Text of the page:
Our life of constant travel is amazing, but we sometimes miss the things that come with having a home, such as a full kitchen with a spice rack, a closet full of clothes and most of all a dog. Lee and are total dog people, we can’t help ourselves but switch on that ridiculous goofy voice when talking to any canine. If we eventually do decide to live in one place for a while, we look forward to having a barking, drooling, sniffing member of the household.
Although we aren’t able to fit a dog in our backpacks at the moment, it is surprising how many dogs we have ended up spending time with on the road. Throughout our travels we have had the pleasure of encountering many furry friends and here are some of the most memorable ones.
Alfie – Accrington, UK
After Lee and I met in New Zealand in 2009 we traveled back to his home town of Accrington and lived there for 14 months. During that time, we ended up falling in love with Alfie, a big clumsy lovable doofus of a Dalmatian.
It was a big of an odd situation how we ended up living with Alfie, as he essentially came as an accessory to the house that we rented. His owner is a friend of ours and sometimes asked us to come over and feed or walk him while he was out of town. Eventually we moved into the place and took over caring for the spotty one. Little did we know that Alfie would find such a place in our hearts.
He is one of the most social dogs I have ever met and he loved nothing more than to be at the center of a group of people. We couldn’t even think of leaving him locked in the kitchen when we had people over, he would bark like crazy as if to say, “Hey Guys? Don’t forget about me!” He wanted to be right where the action was all the time. I’ll never forget the one time when Lee’s mother and step dad were having a meal at our house, Alfie wandered over and placed his chin on the table patiently, looking up at us with expectant eyes wanting to join in the party.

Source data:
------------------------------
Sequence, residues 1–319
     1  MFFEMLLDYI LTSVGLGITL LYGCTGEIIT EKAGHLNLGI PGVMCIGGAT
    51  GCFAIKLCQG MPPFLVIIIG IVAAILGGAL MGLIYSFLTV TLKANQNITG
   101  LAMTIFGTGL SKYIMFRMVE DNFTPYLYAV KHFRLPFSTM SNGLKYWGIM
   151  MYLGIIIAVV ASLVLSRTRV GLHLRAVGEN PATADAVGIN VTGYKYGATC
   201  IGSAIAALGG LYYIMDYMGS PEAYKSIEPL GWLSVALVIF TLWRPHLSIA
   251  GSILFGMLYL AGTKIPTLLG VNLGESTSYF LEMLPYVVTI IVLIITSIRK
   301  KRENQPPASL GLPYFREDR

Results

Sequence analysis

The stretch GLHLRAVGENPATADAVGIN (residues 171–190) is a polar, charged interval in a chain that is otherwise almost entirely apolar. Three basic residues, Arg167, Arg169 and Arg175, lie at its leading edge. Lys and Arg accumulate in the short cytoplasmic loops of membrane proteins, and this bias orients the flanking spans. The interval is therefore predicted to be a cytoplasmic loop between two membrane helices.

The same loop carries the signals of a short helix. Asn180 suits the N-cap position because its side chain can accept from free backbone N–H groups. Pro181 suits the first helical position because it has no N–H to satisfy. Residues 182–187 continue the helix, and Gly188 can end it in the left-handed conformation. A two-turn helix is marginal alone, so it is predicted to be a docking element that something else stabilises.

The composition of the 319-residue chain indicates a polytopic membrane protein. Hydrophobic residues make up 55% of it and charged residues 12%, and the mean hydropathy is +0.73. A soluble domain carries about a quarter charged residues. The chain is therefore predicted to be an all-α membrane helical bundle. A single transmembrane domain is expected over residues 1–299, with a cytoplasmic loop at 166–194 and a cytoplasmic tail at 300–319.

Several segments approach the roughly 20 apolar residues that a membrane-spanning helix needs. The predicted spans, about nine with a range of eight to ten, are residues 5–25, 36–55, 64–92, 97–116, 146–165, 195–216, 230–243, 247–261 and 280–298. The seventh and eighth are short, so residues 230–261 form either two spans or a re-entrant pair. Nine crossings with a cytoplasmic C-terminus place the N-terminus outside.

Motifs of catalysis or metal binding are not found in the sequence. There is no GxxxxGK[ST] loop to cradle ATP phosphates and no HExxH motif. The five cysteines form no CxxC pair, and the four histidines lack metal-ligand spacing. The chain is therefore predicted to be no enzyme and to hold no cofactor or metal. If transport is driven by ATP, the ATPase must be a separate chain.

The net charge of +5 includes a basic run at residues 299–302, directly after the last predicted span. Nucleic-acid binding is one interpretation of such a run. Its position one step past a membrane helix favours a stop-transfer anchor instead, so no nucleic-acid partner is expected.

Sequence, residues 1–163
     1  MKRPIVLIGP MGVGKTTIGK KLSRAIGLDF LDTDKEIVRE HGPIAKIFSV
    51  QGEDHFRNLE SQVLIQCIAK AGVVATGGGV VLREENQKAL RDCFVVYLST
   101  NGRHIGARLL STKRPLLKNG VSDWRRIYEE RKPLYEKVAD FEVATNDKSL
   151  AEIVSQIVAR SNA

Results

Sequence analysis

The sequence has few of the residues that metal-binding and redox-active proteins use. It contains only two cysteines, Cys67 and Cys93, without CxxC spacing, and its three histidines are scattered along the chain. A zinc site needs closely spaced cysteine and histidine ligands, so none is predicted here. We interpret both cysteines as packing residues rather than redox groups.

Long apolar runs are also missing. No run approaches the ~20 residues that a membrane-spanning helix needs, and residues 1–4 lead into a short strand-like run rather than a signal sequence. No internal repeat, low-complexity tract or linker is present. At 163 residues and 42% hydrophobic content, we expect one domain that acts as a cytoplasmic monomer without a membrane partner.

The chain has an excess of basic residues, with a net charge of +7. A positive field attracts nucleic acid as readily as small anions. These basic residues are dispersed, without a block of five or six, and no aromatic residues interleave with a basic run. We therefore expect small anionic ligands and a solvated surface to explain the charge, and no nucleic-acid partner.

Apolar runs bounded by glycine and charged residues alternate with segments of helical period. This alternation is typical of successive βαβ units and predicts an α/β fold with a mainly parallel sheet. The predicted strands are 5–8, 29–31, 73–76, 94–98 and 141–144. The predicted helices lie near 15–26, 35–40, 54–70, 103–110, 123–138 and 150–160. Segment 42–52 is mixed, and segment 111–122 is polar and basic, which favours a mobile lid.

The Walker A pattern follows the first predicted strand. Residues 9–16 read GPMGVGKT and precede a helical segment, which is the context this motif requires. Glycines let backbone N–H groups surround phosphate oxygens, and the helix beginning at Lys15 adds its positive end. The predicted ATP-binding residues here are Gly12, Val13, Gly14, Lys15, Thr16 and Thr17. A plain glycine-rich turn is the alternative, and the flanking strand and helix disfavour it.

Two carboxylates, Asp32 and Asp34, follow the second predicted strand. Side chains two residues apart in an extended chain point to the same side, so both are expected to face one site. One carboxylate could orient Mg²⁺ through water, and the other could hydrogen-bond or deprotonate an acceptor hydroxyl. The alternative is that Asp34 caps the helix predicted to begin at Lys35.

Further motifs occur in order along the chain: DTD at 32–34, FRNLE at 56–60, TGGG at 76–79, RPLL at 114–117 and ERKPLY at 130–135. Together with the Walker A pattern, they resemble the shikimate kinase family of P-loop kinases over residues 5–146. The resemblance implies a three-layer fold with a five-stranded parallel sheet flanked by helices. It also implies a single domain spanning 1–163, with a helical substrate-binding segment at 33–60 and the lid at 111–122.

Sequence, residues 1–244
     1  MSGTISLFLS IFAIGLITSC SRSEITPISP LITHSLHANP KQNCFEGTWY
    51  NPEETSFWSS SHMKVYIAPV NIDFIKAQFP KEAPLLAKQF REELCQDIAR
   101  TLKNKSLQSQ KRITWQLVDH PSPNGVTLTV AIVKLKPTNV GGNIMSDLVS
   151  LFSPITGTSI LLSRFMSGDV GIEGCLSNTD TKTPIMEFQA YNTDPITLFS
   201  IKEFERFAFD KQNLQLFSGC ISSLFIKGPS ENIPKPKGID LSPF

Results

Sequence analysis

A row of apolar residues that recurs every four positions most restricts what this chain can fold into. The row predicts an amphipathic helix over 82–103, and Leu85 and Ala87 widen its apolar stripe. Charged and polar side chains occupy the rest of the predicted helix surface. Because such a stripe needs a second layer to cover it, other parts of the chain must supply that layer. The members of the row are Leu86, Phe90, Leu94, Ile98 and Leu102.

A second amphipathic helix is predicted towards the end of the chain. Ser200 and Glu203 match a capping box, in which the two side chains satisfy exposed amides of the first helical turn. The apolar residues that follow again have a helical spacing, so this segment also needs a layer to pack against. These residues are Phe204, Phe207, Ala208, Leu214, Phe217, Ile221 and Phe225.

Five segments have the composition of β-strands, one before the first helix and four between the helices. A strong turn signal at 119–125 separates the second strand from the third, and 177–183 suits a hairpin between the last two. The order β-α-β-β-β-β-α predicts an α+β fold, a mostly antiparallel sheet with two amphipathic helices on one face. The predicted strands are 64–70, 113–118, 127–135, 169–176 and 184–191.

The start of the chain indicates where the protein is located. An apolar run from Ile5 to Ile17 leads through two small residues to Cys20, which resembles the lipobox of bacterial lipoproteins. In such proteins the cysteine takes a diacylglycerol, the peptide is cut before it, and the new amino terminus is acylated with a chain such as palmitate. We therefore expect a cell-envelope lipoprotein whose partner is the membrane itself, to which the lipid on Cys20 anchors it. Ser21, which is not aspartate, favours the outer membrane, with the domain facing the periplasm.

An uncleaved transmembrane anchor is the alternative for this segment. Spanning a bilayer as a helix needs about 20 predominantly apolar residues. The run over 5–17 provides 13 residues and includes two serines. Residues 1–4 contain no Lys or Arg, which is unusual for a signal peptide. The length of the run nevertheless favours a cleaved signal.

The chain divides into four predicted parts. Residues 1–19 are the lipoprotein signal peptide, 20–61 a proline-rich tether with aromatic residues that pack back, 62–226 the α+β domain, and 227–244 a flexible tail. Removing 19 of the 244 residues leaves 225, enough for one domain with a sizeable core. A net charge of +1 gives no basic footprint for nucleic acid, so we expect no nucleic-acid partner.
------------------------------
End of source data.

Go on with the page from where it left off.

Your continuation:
Alfie was adorable, but he could also be infuriating. One autumn day I was taking him for a walk at Higham’s Field and I let him off the lead as he loved to run as fast as he could across the field. As I watched him I thought that it looked pretty fun and I decided to do a couple of sprints as well to get some exercise. I took off my coat and put it on the ground near the goal posts, rolled up my sleeves and sprinted across the length of the playing field. Alfie was running next to me, but then he disappeared. I slowed down and turned around to see what he was up to.
He was grinning like a madman, gleefully peeing all over my coat.
Alfie brought so much laughter to our lives. We laughed at the way that his eyelids and back legs twitched when he was curled up on the couch sleeping and the way that he would wiggle into bed between us and then extend his legs to push us both to the edges of the mattress. He used to get himself tangled in the curtain room divider and when you were cooking he would lie down strategically right in the middle of the kitchen floor. Whenever we came home, he would have his paws up on the windowsill and he would greet us happily at the door.
We ended up living with Alfie for 8 months and we were devastated when our time in England was up and we had to say goodbye. However, our spotty goofball was adopted by a friend who is the landlord of the local pub. I couldn’t think of a better home for such a social dog, as he gets plenty of attention and snacks from pub patrons and goes on lots of walks. We miss you, Alfie!
Milo – Accrington, UK
Milo lives with Lee’s mum and step dad and he is a lovable big black Belgian Shepherd who was quite well behaved, until you took him for a walk in the forest and let him off the lead. At this point, he would find himself the stick to end all sticks and never let go of it. I’m not talking about a small twig here, the type of sticks that Milo liked to play with were more like tree branches. They were usually three times the length of his body and he would drag them across the ground stubbornly, whimpering if you didn’t wait for him.